The latest PromethEUs study explores the digital dimension of the national Resilience and Recovery Plans (RRPs) of the four countries part of the PromethEUs network – Greece, Italy, Portugal and Spain. After expounding on the possibilities and challenges of the digital transition of each national RRP, the concluding part adopts a broader perspective and a comparative approach to the 4 plans.
The RRP (grants and loans) funds earmarked for the digital transition by the four southern European countries amount to €81bn, out of a total of €131.5 bn for all Member States. These four southern European countries can count on most of the available resources (61.6%) to bridge the digital divide with the more advanced Member States and improve the lives and productivity of their citizens.
Chapter 1 explores the Greek RRP as a valuable opportunity to narrow the economy’s substantial investment gap and accelerate productivity enhancing reforms. The Greek Recovery and Resilience Plan (RRP) “Greece 2.0” includes a total financing envelope of €30.5bn or 17% of the country’s annual GDP, the largest in terms of percentage in the EU.
Chapter 2 underlines out the importance of the digital dimension in the Italian RRP. Digitisation and innovation of processes, products and services are embodied in almost every policy of the Italian RRP, which amounts to about €191.5bn. The funds will be instrumental in reducing the digital gap between Italy and other European countries in general, promoting greater investment in digital technologies, infrastructure and processes.
Chapter 3 focuses on the Portuguese RRP, which consists of a total budget of €16.6bn, with 22% of the total investment value being allocated to addressing the digital transition. Portugal’s RRP is designed to address some of the country’s most important bottlenecks, such as low productivity and low levels of education, an inefficient public administration and judicial system, towards lasting and sustainable growth, preparing the Portuguese economy for the challenges of the coming years.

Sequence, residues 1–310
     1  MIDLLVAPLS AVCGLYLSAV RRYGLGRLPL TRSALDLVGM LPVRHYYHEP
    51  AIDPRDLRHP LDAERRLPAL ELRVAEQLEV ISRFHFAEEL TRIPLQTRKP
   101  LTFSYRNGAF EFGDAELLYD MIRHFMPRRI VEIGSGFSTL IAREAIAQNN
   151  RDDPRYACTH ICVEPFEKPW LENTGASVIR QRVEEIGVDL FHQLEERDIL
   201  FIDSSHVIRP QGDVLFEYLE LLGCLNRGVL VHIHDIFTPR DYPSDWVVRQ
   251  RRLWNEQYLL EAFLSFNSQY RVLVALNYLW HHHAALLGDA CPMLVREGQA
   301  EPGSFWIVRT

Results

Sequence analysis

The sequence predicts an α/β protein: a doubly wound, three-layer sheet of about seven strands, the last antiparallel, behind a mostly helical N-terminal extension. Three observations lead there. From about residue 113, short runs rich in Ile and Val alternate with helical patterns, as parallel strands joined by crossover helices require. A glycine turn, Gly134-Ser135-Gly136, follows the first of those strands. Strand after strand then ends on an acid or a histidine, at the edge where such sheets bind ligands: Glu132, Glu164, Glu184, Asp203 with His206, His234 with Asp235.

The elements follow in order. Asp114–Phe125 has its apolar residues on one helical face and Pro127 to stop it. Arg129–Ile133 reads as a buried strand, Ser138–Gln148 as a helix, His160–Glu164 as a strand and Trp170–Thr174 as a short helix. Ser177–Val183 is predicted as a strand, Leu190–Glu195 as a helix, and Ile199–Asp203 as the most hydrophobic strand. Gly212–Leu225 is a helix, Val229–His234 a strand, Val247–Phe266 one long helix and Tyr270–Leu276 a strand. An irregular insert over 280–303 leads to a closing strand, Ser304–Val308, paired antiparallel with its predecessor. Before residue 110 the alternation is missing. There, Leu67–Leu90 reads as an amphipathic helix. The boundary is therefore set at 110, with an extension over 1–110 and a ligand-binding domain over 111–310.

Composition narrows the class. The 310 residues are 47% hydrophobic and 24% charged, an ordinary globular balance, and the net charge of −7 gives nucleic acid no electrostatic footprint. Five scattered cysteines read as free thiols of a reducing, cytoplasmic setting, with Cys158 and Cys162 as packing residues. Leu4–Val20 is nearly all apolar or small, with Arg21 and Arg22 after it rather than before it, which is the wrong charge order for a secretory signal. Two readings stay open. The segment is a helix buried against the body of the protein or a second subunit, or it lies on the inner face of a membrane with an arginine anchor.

Chapter 4 analyses Spain’s RRP. With an amount of up to €69.5bn, and through 212 measures, its aim is towards a “modernisation comparable to that of Spain’s accession to the EU”. The digital transition accounts for 28% of the total of the Spanish RRP and it is present across all levers, programmes and components.
Lastly, after briefly pointing out how some areas of intervention appear to be common across all four plans and identifying some of the regulatory proposals at EU level mostly interwoven with these fields, Chapter 5 focuses on how the four RRPs relate to the other plans of the RRF facility, as well as other funds in the digital field at EU level. The areas of intervention considered in the chapter are connectivity, digital skills, digital transformation of public administrations (also related to data strategy and cloud migration), cybersecurity and Artificial Intelligence (AI).
Please find attached the full publication and its press release.